if f is bounded on [0,1] and satisfies the condition |f(a) -f(b)| is less than

|a-b| for all a, b on [0,1] , prove that f is Riemann integrable on [0,1]

I have always been slightly confused by Riemann. :confused:

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- Jun 3rd 2006, 09:37 AMNichelle14do i use integration?
if f is bounded on [0,1] and satisfies the condition |f(a) -f(b)| is less than

|a-b| for all a, b on [0,1] , prove that f is Riemann integrable on [0,1]

I have always been slightly confused by Riemann. :confused: - Jun 3rd 2006, 06:57 PMThePerfectHackerQuote:

the condition |f(a) -f(b)| is less than

|a-b| for all a, b on [0,1]

- Jun 4th 2006, 08:27 AMNichelle14
Yes. it does show f is continuous. But I don't know how to show that it is Riemann integrable. I don't think I ever grasped that when taught.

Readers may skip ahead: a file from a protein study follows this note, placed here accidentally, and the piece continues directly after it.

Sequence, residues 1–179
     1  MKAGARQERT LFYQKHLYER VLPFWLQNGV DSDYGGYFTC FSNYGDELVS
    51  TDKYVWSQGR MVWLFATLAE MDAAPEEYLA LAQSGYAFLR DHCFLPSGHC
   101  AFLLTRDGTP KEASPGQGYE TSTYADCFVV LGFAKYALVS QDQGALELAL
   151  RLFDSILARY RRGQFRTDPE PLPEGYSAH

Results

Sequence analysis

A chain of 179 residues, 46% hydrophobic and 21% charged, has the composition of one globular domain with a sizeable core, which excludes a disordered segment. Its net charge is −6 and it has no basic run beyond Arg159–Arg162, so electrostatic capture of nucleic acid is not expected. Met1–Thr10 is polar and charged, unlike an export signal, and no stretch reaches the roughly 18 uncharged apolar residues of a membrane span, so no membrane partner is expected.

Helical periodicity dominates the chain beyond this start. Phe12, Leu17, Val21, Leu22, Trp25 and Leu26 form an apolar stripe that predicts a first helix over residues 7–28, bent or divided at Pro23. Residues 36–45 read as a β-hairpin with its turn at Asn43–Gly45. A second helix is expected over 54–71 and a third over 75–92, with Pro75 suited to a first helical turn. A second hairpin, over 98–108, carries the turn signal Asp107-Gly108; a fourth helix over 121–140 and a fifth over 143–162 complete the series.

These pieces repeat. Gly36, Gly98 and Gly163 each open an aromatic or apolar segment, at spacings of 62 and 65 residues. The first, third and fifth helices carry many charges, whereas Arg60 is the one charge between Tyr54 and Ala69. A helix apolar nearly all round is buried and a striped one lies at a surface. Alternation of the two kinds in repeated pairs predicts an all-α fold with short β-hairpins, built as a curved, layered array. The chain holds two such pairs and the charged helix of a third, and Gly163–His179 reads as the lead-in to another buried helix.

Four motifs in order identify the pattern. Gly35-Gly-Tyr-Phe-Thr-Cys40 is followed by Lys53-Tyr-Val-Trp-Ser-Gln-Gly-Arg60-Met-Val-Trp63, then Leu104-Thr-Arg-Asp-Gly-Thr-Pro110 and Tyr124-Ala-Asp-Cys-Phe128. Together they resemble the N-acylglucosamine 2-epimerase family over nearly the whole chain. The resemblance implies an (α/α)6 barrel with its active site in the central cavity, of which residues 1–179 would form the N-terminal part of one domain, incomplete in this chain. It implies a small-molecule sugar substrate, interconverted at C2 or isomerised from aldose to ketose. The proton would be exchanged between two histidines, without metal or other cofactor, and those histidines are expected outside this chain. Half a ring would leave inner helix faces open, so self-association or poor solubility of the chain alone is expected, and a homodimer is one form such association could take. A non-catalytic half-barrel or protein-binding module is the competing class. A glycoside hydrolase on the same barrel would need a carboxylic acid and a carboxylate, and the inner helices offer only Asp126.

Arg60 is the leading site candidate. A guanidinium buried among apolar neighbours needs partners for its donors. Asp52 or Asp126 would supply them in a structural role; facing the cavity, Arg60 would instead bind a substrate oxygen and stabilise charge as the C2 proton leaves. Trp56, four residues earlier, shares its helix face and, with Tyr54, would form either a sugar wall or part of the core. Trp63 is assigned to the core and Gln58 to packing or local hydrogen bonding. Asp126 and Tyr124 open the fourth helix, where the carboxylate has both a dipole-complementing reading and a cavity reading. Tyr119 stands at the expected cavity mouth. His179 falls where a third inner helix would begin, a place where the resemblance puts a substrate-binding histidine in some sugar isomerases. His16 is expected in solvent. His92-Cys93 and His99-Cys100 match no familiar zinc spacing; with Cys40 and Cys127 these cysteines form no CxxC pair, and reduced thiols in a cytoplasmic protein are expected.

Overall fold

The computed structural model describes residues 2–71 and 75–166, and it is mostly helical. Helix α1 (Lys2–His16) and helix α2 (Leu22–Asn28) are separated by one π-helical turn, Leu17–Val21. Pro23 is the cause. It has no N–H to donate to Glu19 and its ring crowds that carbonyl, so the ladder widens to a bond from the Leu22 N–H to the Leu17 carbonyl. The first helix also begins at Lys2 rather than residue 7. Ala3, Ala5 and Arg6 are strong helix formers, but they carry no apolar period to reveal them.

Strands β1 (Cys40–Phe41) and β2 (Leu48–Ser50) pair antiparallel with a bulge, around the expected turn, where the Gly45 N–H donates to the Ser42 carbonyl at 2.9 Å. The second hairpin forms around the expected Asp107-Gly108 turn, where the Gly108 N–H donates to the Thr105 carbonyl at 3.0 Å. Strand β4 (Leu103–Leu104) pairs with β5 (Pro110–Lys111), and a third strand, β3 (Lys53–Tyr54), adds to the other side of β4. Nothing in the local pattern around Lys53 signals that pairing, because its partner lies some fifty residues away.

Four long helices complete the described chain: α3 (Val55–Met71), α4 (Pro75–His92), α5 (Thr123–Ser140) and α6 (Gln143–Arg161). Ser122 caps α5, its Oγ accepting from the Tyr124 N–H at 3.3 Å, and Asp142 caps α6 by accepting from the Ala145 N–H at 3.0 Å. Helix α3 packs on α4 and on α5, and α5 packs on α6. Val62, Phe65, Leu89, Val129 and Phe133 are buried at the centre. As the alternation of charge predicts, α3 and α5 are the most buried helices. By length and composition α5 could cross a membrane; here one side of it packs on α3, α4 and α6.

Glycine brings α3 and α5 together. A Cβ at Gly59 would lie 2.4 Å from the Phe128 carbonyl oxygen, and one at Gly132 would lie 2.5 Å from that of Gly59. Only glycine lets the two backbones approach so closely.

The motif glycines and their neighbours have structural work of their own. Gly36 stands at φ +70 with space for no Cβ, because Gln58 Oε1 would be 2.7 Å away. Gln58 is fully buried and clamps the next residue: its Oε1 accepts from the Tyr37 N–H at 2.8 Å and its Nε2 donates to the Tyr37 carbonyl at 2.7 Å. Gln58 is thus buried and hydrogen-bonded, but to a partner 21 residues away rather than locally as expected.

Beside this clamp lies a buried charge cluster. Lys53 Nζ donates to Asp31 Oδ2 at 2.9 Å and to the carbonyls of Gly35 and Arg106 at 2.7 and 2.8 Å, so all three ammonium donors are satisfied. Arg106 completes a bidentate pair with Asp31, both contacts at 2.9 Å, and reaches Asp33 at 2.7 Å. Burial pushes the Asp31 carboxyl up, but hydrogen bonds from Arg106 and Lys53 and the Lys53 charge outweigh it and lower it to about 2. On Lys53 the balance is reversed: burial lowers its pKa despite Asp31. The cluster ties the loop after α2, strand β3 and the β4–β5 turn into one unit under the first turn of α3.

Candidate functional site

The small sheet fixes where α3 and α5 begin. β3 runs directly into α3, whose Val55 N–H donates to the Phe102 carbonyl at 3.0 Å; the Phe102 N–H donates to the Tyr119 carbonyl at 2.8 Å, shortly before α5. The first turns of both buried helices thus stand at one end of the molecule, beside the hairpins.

Can you explain some more? - Jun 4th 2006, 09:33 AMTD!
Bounded, continuous function are Riemann integrable, haven't you seen that?

- Jun 4th 2006, 09:53 AMThePerfectHackerQuote:

Originally Posted by**TD!**

- Jun 4th 2006, 09:55 AMTD!
Then I would've needed to include 'on a closed interval' :)

- Jun 4th 2006, 10:22 AMThePerfectHackerQuote:

Originally Posted by**TD!**

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What about,

$\displaystyle f(x)=x$ boundend and countinous on $\displaystyle [0,\infty]$ but not riemann integrable. Thus, you need to include 'on a closed interval' anyway.